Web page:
But the truth is, the results we want are very rarely waiting for us at the end. Instead, we open the door to stress, mental and physical exhaustion, and ultimately, burnout.

Among the long list of effects associated with burnout, it can wreak havoc on your focus, productivity, and your ability to lead your business effectively. This can create a self-fulfilling prophecy, fueling your inner critic even more while you sink further into stress and exhaustion.

Lower value in your business

When so much of your success rides on your confidence in delivering a quality product or service, it's not just your well-being that takes a hit when negative self-talk creeps in, but your bottom line, too.

With a critical inner voice constantly comparing you to others and shining a spotlight on your flaws, you may find yourself undercharging for your services or selling your products for less than they are worth. These self-critical thoughts can also hold you back from marketing yourself effectively or reaching out to new customers or clients, missing valuable opportunities for growth.

While it's important to stay competitive in your industry, your business still needs a healthy cash flow in order to survive.

Poor decision-making and risk-taking

As a business owner, you have to deal with more uncertainty and risk than others in their roles, and you're responsible for decisions that could make or break your business. Unfortunately, such pressure is a breeding ground for your inner critic to thrive.

If your critical inner voice has been undermining your confidence and sowing seeds of doubt, chances are you'll overthink your options and second-guess yourself. You'll find yourself focusing on worst-case scenarios, rather than the potential rewards from seizing new opportunities or trying innovative new strategies. This leads to indecision and inaction, both of which are major roadblocks to success.

Negative thoughts can also distort reality and create a false sense of how severe a situation is. You're more likely to overreact or take action based on fear rather than rationality.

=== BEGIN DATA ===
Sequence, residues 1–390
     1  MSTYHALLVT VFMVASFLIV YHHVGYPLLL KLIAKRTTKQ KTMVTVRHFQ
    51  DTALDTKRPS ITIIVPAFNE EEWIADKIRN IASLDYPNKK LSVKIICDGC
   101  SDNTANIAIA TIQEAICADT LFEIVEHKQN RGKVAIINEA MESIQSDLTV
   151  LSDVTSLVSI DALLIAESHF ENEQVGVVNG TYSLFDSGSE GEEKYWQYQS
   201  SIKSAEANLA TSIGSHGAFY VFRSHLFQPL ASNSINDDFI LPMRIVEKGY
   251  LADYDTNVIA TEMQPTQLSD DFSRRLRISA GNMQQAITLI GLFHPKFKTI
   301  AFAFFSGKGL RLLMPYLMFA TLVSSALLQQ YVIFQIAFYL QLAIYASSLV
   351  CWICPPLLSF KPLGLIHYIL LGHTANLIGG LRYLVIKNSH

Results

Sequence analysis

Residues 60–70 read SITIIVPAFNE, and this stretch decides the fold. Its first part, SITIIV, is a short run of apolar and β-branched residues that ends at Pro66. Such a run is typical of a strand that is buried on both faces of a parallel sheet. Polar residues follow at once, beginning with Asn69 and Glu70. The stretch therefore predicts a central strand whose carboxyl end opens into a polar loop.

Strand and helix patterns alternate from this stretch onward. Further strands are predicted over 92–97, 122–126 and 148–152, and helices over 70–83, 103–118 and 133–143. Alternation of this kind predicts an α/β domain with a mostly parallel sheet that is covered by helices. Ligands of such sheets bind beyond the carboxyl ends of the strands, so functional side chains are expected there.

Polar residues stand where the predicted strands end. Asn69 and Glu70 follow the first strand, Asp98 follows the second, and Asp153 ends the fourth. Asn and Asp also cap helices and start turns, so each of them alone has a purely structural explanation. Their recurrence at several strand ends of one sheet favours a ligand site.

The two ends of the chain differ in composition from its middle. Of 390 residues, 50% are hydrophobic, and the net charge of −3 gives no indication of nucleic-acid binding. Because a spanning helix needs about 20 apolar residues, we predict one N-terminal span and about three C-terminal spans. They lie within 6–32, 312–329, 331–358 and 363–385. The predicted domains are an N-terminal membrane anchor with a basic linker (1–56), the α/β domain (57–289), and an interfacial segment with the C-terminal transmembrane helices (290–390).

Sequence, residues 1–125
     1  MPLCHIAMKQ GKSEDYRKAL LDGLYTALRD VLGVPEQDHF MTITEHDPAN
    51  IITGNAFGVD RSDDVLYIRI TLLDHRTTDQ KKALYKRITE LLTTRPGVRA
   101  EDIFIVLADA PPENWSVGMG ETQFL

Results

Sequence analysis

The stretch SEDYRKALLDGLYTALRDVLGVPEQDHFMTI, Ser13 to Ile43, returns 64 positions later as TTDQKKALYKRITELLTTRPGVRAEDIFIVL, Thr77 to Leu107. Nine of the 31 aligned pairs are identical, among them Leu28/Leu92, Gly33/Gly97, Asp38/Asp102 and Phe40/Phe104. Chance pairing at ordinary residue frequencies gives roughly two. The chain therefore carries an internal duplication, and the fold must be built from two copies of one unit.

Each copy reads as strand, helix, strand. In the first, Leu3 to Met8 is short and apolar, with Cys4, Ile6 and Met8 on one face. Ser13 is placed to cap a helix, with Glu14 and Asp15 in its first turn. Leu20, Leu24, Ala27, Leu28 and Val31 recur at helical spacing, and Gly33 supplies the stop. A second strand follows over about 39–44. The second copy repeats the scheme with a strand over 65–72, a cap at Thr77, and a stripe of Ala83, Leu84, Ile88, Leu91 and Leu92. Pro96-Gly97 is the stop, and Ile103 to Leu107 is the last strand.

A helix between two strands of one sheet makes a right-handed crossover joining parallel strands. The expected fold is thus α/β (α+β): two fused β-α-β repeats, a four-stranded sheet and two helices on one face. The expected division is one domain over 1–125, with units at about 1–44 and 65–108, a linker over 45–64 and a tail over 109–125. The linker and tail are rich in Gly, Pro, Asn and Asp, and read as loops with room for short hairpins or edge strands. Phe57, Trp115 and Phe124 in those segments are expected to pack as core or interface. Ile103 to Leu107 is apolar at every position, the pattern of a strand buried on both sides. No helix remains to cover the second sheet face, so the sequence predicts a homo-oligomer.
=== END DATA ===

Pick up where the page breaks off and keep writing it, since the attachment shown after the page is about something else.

On the other hand, your inner critic might adopt a more subtle approach. This inner enemy might speak to you in a gentle, soothing voice to try to convince you “Things are fine the way they are now—why take the risk?”

It may sound more like a trusted friend than a harsh critic, but don't be fooled. This is still very much the voice of a saboteur, threatening your self-actualization and self-fulfillment by keeping you from leaving your comfort zone.

So whether this voice is critical or comforting, it can seriously impact many areas of your professional life. It can stop you from reaching your full potential and achieving the results you deserve in your business.

Luckily, there are some handy tricks to help you hush that little voice whenever it opens its mouth to speak...


Three ways to overcome your inner critic

If you have listened to your inner critic so much over the course of your life, it can be challenging to shut it down completely. Nevertheless, it's crucial to know how to manage your inner critic so that it doesn’t sabotage you or your success.

Here, we have three expert methods that will help you do just that.


Arguably what makes our inner critics so destructive is that it’s easy to mistake them for our own thoughts. We accept their insults as facts.

However, it’s crucial to remember that our inner critic is not our true self. Rather, it’s simply a voice of fear and insecurity. If we can learn to recognize our critic for what it truly is, we can start to break free from its harmful influence.

Experts agree that one of the most effective steps is to be mindful of each time this critical voice makes an appearance. Single them out, and clearly distinguish their negative statements from your own thoughts and opinions.

“By their very nature, (inner critics) do far greater damage when they do their work while hiding under the radar, pretending they are your friend or that they are you. Observing and labeling them blows their cover and discredits their voice,” Chamine explains. “Notice the difference between saying ‘I don’t think I am capable’ and ‘the (critic) doesn’t think I am capable.’”